Mohammad Hossein Khanjani, Moslem Sharifinia, Maurício Gustavo Coelho Emerenciano

Biofloc Technology (BFT) in Aquaculture: What Goes Right, What Goes Wrong? A Scientific-Based Snapshot

  • Aquatic Science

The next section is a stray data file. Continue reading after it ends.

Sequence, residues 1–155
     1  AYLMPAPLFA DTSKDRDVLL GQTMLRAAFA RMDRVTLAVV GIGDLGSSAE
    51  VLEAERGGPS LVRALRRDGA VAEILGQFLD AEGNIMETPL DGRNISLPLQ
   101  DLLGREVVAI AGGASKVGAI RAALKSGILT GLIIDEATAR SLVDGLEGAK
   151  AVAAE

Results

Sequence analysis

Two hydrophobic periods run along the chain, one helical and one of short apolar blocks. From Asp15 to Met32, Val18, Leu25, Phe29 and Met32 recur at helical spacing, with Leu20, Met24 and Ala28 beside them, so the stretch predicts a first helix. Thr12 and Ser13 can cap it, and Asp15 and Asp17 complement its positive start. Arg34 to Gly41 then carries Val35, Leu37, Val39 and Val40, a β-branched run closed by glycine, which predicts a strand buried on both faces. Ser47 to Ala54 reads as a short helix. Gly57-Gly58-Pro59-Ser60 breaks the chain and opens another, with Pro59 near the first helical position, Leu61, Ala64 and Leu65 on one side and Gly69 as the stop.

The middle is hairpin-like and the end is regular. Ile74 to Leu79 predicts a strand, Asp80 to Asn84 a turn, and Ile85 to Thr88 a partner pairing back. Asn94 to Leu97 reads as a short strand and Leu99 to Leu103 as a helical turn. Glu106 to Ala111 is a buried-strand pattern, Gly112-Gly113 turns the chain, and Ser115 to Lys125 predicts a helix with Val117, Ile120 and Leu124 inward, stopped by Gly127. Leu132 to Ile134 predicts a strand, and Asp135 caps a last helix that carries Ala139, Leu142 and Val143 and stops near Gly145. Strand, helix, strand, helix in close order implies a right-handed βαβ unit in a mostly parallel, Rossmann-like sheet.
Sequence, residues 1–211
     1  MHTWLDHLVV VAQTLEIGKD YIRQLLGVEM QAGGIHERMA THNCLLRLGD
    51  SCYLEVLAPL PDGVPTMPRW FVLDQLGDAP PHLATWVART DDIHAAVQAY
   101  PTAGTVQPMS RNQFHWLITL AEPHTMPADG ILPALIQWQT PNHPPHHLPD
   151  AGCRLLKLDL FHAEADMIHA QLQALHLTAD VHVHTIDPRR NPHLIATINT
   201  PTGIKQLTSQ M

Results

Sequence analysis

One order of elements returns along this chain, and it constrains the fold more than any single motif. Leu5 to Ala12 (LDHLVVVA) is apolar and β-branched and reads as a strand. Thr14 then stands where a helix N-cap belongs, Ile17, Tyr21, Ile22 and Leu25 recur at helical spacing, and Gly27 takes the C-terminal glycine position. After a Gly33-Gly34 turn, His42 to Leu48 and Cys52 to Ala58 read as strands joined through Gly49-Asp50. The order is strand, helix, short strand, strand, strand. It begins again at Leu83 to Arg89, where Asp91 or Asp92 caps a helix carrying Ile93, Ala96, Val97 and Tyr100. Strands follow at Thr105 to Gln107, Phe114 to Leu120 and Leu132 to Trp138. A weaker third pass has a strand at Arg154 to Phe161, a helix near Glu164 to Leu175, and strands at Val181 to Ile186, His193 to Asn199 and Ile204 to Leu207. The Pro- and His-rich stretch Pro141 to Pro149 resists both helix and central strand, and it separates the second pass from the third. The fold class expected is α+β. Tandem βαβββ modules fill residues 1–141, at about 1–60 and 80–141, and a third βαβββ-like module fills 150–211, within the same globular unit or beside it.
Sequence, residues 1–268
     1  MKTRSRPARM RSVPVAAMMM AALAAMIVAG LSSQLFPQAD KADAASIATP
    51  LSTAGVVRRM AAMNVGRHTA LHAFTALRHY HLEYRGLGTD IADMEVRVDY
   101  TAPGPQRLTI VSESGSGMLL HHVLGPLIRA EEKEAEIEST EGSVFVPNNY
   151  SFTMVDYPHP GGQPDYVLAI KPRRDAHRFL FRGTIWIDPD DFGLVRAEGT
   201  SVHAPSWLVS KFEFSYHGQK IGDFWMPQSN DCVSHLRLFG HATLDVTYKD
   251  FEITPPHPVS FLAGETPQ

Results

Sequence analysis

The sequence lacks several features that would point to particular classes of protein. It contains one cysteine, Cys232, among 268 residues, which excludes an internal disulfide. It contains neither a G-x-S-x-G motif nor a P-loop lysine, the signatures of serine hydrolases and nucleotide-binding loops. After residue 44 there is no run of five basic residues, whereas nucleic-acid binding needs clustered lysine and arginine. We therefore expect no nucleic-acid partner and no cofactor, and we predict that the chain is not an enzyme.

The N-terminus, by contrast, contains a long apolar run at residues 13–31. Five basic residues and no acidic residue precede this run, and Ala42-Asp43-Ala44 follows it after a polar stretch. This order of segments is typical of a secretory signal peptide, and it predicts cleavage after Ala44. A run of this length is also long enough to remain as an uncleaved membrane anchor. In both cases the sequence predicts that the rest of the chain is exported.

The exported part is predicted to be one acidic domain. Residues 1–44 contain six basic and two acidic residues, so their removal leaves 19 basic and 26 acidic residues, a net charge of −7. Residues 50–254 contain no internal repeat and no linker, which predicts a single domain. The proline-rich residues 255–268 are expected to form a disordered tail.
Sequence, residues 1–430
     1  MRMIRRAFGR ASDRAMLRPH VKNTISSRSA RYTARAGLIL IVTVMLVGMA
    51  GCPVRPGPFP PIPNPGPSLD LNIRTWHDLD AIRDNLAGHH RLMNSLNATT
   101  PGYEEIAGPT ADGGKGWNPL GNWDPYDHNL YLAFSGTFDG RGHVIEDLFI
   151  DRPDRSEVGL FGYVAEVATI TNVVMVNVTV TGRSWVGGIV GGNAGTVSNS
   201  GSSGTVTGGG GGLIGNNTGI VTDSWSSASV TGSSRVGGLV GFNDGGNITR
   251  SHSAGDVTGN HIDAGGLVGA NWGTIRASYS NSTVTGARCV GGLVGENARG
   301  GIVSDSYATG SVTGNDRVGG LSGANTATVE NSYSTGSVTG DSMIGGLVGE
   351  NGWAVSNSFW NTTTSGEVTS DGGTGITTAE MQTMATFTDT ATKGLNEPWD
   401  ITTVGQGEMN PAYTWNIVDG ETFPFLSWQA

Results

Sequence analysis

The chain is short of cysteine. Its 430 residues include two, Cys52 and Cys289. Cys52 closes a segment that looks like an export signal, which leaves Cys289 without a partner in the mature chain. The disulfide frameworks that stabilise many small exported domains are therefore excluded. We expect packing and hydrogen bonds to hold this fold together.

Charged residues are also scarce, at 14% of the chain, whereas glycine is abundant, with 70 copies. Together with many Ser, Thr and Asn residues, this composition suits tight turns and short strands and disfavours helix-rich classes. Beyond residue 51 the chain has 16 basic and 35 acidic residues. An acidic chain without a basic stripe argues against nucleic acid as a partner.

Aquaculture is a crucial industry that can help meet the increasing demand for aquatic protein products and provide employment opportunities in coastal areas and beyond. If incorrectly manage, traditional aquaculture methods can have negative impacts on the environment and natural resources, including water pollution and overuse of wild fish stocks as aquafeed ingredients. Biofloc technology (BFT) may offer a promising solution to some of these challenges by promoting a cleaner and sustainable production system. BFT converts waste into bioflocs, which serve as a natural food source for fish and shrimp within the culture system, reducing the need for external inputs, such as feed and chemicals. Moreover, BFT has the potential to improve yields and economic performance while promoting efficient resource utilization, such as water and energy. Despite its numerous advantages, BFT presents several challenges, such as high energy demand, high initial/running costs, waste (effluent, suspended solids, and sludge) management, opportunistic pathogens (vibrio) spread, and a lack of understanding of operational/aquatic/microbial dynamics. However, with further training, research, and innovation, these challenges can be overcome, and BFT can become a more widely understood and adopted technique, acting as an effective method for sustainable aquaculture. In summary, BFT offers a cleaner production option that promotes circularity practices while enhancing performance and economic benefits. This technique has the potential to address several challenges faced by the aquaculture industry while ensuring its continued growth and protecting the environment. A more broad BFT adoption can contribute to meeting the increasing demand for aquaculture products while reducing the industry’s negative impact on the environment and natural resources. In this context, this review provides an overview of the advantages and challenges of BFT and highlights key technical, biological, and economic aspects to optimize its application, promote further adoption, and overcome the current challenges.

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